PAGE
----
The study, published in the journal Earth System Science Data, says global CO2 emissions from fossil fuels and industry is projected to grow by just 0.2 percent this year. That would mean emissions have leveled off at about 36 billion metric tons in the past three years even though the world economy has expanded, suggesting the historical bonds between economic gains and emissions growth may have been severed. "This could be the turning point we have hoped for," said David Ray, a professor of carbon management at the University of Edinburgh, who was not involved with the study. "To tackle climate change those bonds must be broken and here we have the first signs that they are at least starting to loosen."

Last week a study suggested earth's plant life is absorbing a greater percentage of global CO2 emissions -- although reductions in China could also be significant. According to the article, almost 30% of the world's carbon emissions come from China.

Comment Re:WTF? (Score 4, Interesting) 107

Boy, are you going to be surprised when you figure out how the Soviet Union used to dispose of nuclear reactors from ships and submarines. At least with the U.S. one it was an accident.

https://en.wikipedia.org/wiki/Decommissioning_of_Russian_nuclear-powered_vessels

A Russian government report acknowledged in March 1993, that "during the period of 1965 to 1988 the Northern Fleet had dumped four reactor compartments with eight reactors (three containing damaged fuel) in the Abrosimov Gulf in 20 to 40 meters of water." Six other compartments, containing nine reactors in all, had also been dumped into the water in the 1960s and 1970s.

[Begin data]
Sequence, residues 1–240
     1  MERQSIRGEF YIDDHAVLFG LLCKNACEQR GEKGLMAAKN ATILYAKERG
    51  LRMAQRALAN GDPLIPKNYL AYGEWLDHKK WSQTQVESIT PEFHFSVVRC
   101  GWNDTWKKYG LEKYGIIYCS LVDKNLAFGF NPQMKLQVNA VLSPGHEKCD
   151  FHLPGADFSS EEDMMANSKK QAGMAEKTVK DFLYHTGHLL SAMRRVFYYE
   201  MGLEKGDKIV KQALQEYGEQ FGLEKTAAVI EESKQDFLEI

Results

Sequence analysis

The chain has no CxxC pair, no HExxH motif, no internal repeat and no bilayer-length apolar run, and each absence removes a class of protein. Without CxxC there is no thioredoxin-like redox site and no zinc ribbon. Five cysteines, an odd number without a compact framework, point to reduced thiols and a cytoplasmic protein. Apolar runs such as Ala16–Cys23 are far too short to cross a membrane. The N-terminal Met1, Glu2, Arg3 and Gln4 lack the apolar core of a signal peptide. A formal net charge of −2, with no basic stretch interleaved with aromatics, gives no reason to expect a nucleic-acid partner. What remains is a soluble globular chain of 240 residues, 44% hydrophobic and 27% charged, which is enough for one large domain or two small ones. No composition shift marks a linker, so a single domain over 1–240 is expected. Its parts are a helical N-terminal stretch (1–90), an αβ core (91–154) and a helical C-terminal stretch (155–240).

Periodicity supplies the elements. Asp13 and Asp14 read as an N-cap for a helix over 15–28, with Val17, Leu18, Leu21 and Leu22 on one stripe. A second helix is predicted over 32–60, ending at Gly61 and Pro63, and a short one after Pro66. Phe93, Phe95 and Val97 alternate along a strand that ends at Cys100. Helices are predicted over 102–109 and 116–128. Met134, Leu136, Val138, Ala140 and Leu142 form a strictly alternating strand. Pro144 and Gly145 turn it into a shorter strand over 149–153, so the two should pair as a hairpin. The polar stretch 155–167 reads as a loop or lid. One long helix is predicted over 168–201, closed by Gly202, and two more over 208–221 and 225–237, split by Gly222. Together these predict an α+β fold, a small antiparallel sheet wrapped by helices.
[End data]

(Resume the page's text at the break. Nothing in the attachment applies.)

Comment Re:Trust (Score 1) 108

As I recall, The Anarchist Cookbook was full of such errors. It ranged from simply won't work, to serious dangerous errors. I haven't read it since the 1990s, so I can't be more specific.

Another wonderful sources of questionable information was BBS and FidoNet text files. The best craptastic information worth almost as much as the price (free). I read quite a few almost interesting illegal drug recipes. Those too went from useless, to explosive and/or poisonous.

Submission + - Donald Trump Child Rape Victim's Story Was Completely Fabricated (inquisitr.com) 9

Okian Warrior writes: The Donald Trump child rape victim’s story, as revealed early this morning by Daily Mail, is a work of complete fiction.

Katie Johnson herself spoke with journalists about why she lied and made herself into the Donald Trump child rape victim. “We would have a rapist in the White House. I would feel horrified every single day if I stay in this country,” she said, making it apparent that, although the GOP-running presidential hopeful never sexually assaulted her, she still believes he’s a rapist.

Katie maintains that she was sexually abused on more than one occasion by Jeffrey Epstein during mid-1994. A separate informant told Daily Mail that her story “had been believable and compelling right up until the last minute,” when it was found out “Donald Trump’s name had been inserted into this, [and] he was not involved whatsoever.”

Comment Re: And to think the DNC wanted to face Trump... (Score 1) 2837

Yes, but you need to take into account Baby Boomers are retiring at an ever increasing rate, which impacts the rate. The age demographic of the nation plays heavily into the workforce participation numbers.

http://money.usnews.com/money/blogs/on-retirement/2014/07/22/12-baby-boomer-retirement-trends

Actually, the numbers, as a percentage, haven't been this LOW since 1978. Go to the BLS, choose "Civilian Labor Force Participation Rate - LNS11300000", then change the date range to anything from as far back as 1948 to present.